Chuck calls out delinquent JPs - Honours those giving decades of yeoman service
Justice Minister Delroy Chuck has come down strongly on justices of the peace (JPs) in St Catherine who he says are bringing the vocation into disrepute.
"We recognise the outstanding work done by JPs [but] regrettably there are a few that bring the vocation into disrepute, and, sadly, in St Catherine, there are quite a few, and this is why this association must bond together fully," Chuck told attendees at the St Catherine Justice of the Peace Association inaugural banquet. The event was held last Saturday at the Caymanas Golf Club in the parish.
The association has 1,600 members and, according to the justice minister, there may be less than a dozen who are bringing the role of the JPs in St Catherine into disrepute, by charging for their services to the public.
"It is important that you identify them, bring them to the attention of the custos, and, after the appropriate disciplinary action is taken, they can be decommissioned," said Chuck.
He said the previous custos, during his tenure, had identified a few who were subsequently dealt with. He expressed the hope that the association sees it as one of its important functions to ensure that those who want to see this outstanding vocation be held in low esteem are removed.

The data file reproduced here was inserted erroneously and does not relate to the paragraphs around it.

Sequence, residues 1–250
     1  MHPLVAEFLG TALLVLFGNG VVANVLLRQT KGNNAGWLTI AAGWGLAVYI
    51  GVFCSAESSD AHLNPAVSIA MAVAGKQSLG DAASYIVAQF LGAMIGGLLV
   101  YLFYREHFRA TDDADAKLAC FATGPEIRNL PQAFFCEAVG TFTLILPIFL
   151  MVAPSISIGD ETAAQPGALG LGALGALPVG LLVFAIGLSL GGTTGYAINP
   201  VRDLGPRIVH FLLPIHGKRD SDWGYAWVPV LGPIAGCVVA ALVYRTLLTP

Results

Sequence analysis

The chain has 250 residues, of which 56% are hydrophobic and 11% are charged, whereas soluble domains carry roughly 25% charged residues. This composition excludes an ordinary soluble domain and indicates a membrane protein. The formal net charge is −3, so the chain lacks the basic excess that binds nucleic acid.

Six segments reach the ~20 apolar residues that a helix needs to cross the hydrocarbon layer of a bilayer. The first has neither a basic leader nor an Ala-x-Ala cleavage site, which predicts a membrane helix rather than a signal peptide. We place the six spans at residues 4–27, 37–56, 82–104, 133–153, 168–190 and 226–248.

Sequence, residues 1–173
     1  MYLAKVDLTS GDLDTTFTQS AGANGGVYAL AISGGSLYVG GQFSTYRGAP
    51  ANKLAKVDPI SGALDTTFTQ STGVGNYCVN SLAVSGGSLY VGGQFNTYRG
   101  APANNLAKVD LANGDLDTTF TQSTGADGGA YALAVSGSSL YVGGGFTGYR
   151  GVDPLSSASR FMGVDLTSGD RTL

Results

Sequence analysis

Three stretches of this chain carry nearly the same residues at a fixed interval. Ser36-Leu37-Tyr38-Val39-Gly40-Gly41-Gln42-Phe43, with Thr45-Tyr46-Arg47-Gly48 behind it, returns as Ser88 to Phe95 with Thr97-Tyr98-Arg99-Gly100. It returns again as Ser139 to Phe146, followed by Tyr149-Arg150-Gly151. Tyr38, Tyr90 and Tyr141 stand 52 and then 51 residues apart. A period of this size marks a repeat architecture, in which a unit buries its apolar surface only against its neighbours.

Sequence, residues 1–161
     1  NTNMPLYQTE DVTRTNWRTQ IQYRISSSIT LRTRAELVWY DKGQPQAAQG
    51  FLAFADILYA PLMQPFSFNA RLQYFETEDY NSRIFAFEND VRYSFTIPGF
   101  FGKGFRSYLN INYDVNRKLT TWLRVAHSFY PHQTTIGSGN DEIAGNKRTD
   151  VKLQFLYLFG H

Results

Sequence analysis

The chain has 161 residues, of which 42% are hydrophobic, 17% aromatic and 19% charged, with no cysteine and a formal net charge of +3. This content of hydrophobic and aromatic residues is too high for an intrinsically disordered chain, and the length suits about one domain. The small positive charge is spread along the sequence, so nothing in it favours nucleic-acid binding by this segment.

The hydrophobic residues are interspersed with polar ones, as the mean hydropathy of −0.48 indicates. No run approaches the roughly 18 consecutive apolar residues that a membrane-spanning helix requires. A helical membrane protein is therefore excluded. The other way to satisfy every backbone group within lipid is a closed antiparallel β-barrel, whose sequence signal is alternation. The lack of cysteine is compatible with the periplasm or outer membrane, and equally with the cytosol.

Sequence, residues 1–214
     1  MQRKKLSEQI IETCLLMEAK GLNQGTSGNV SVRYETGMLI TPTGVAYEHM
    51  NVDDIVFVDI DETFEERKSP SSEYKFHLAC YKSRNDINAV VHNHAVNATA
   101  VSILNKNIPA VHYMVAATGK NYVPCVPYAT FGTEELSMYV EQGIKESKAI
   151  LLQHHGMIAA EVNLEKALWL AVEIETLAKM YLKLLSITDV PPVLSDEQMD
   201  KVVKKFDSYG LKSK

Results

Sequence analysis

"It is inappropriate for JPs to put up signs saying the office of the JP. I see it when I go across Jamaica. It is not a profession, it is a voluntary service," the justice minister said.
He continued: "And, as I said to many JPs, when people offer you $1,000 or $5,000, refuse it. Our integrity is priceless, so don't accept donations from persons who offer it. Just say 'I do my work voluntary'."
Chuck described the JPs as the best of the best across Jamaica and implored them to set the right example for other citizens. Twenty-seven St Catherine JPs were recognised for between 25 and 46 years of service to their communities.
Donald Taffe and Luna Derica Bailey, two of the longest-serving JPs, were both given special awards at the banquet. Taffe, who was commissioned in 1977, has completed 46 years, while Bailey has served for 45 years.
Custos of St Catherine Icylin Golding, under whose patronage the banquet was held, lauded the awardees, describing them as what is right for Jamaica.
"When we launched the St Catherine Justices of the Peace Association, one of the first commitments was to recognise the icons who have served for years, and then to honour them in a special way," Golding said.